The United Nations has called for an immediate reduction of violence in Afghanistan, warning that civilian deaths by both the Taliban and Afghan security forces are on the rise, as the U.S. special peace envoy opened another round of talks with the Taliban to press the militants to start talking with the Kabul government.
The statement from the United Nations Assistance Mission in Afghanistan (UNAMA), which also voiced concern about the stepped-up attacks and the brutality of assaults claimed by Islamic State (IS) militants, came after a horrific attack last week at a maternity hospital in the Afghan capital that killed 24 people, including two infants and several young mothers.
The Taliban denied involvement in the attack, which has not been claimed by any group, while Washington said the assault bore all the hallmarks of Afghanistan's IS affiliate -- targeting the country’s minority Shi'a in an area of Kabul that IS militants have repeatedly attacked in the past.
UNAMA said in the statement that the Taliban killed 208 civilians last month and also said that operations by Afghan forces in April had killed 172 civilians.
"Parties have committed to finding a peaceful solution and should protect the lives of all Afghans and not jeopardize people’s hope for an end to the war," UNAMA chief Deborah Lyons said.
She added that "intra-Afghan peace negotiations need to start as soon as possible."
The Taliban has ramped up attacks in recent weeks despite a pledge to reduce violence, a tactic that it may be employing to strengthen its negotiating position.
Meanwhile, IS militants also continue to conduct deadly attacks on Afghan security forces and civilians.
On May 19, eight Afghan soldiers were killed while repelling a Taliban attack on the northern city of Kunduz, officials said.
The militants attacked several government posts on the outskirts of the city overnight, a Defense Ministry statement said, triggering heavy fighting.
The assault was repelled with the support of air power, the ministry said.
The attackers "suffered big losses," according to Defense Minister Assadullah Khalid.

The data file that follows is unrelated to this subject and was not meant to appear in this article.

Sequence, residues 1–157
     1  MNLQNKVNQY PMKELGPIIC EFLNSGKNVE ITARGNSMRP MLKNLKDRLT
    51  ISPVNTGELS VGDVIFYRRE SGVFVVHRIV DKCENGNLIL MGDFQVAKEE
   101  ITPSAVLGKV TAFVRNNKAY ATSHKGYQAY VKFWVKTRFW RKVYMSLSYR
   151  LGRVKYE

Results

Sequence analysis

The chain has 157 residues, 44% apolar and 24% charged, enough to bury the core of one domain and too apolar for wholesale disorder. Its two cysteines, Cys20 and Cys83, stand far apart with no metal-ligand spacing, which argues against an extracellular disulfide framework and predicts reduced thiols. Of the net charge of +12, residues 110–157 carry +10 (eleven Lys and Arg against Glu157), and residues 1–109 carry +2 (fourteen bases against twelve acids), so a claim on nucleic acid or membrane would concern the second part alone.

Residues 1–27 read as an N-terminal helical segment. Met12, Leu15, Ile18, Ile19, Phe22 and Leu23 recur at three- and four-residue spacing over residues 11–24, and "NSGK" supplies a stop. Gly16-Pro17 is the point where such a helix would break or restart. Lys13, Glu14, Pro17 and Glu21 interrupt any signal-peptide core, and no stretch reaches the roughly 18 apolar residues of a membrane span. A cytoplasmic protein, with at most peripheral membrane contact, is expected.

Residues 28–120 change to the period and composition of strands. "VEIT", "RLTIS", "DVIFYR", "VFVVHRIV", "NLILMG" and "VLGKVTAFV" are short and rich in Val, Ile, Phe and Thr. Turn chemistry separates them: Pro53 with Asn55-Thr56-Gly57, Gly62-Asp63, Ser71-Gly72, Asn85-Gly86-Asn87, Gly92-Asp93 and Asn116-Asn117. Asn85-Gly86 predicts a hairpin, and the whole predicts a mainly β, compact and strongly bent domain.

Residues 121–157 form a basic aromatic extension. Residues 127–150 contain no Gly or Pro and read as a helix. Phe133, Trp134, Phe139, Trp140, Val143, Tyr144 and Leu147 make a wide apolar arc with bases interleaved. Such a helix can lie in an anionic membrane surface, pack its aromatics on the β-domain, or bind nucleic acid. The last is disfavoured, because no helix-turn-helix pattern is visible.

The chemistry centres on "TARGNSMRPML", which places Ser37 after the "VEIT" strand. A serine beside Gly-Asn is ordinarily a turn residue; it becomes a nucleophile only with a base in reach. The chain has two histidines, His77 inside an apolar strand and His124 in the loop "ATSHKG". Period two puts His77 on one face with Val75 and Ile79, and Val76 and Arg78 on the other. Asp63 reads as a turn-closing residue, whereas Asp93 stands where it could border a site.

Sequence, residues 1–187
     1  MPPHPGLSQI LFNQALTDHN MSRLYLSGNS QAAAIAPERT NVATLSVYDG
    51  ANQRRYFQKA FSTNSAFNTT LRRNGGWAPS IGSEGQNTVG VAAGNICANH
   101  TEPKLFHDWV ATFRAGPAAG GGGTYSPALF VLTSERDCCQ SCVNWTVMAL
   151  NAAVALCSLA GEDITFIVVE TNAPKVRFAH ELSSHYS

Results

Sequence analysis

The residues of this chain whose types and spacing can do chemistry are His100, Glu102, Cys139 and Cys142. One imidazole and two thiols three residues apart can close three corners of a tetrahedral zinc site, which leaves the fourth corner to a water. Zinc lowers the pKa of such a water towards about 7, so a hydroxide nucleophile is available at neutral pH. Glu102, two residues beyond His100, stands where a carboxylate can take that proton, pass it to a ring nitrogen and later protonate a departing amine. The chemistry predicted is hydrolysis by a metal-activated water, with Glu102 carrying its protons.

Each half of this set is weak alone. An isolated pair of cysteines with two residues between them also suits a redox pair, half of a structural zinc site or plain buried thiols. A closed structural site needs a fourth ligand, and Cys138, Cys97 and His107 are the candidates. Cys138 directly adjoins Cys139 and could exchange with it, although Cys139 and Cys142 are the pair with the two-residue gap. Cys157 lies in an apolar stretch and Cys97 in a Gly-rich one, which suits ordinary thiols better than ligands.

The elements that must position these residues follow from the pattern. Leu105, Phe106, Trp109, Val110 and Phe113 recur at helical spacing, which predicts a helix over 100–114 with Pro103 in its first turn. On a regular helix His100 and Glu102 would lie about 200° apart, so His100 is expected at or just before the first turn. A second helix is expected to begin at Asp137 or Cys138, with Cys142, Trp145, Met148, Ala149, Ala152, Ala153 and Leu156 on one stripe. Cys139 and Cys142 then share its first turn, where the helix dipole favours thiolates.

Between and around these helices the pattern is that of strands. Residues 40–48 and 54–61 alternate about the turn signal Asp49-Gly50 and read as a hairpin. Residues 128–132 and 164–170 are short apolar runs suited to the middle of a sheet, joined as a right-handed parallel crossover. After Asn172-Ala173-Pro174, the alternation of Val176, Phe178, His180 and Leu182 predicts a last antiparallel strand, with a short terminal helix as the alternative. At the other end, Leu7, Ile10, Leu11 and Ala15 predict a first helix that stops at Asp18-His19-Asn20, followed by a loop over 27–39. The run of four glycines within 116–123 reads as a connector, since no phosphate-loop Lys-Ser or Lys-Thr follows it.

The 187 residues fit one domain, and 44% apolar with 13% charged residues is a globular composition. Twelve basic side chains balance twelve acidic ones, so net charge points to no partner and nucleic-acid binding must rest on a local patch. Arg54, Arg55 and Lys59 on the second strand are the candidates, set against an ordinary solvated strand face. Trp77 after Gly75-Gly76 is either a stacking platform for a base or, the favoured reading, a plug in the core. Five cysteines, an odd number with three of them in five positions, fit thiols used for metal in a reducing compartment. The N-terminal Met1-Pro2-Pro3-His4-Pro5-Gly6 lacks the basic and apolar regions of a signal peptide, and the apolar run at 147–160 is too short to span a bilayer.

Three civilians were also killed and 55 others wounded in the violence, provincial health director Ehsanullah Afzali said.
In the province of Parwan, north of Kabul, gunmen opened fire on worshippers offering evening prayers at a mosque, killing at least seven people and wounding 12, a local police chief said.
The Taliban denied involvement in the attack.
The latest attack came as U.S. special peace envoy Zalmay Khalilzad prepared to open another round of talks with the Taliban to press it to start talking to the newly reconciled political leadership in Kabul.
Khalilzad was scheduled to also visit Kabul, the U.S. State Department said in a statement on May 18.
Khalilzad will meet in Doha with Taliban representatives to discuss implementation of the agreement "and press for steps necessary to commence intra-Afghan negotiations, including a significant reduction of violence," the statement said.
He will then meet with senior government officials in Kabul "to explore steps the Afghan government needs to take to make intra-Afghan negotiations begin as soon as possible," the statement said.
During the meetings, Khalilzad will continue to reinforce the U.S. view that "the best path to end the conflict is for all parties to sit together and negotiate an agreement on the political future of Afghanistan," the statement said.
Khalilzad’s departure came after Afghan President Ashraf Ghani and his political rival, Abdullah Abdullah, reached a power-sharing agreement under which Abdullah will lead the government's efforts to reach a peace deal with the Taliban.
The power struggle had been one of the main impediments to the start of intra-Afghan negotiations to end more than 18 years of war.
The talks were to begin on March 10 under a February 29 agreement, which calls for U.S. and foreign troops to withdraw from Afghanistan following an intra-Afghan deal in exchange for guarantees from the Taliban not to allow the country to become a haven for transnational terrorist groups such as IS and Al-Qaeda.
The Taliban has said stepping up violence was in response to Ghani ordering Afghan forces to go on the offensive against the militant group.
With reporting by AP, AFP, dpa, Reuters, and TOLOnews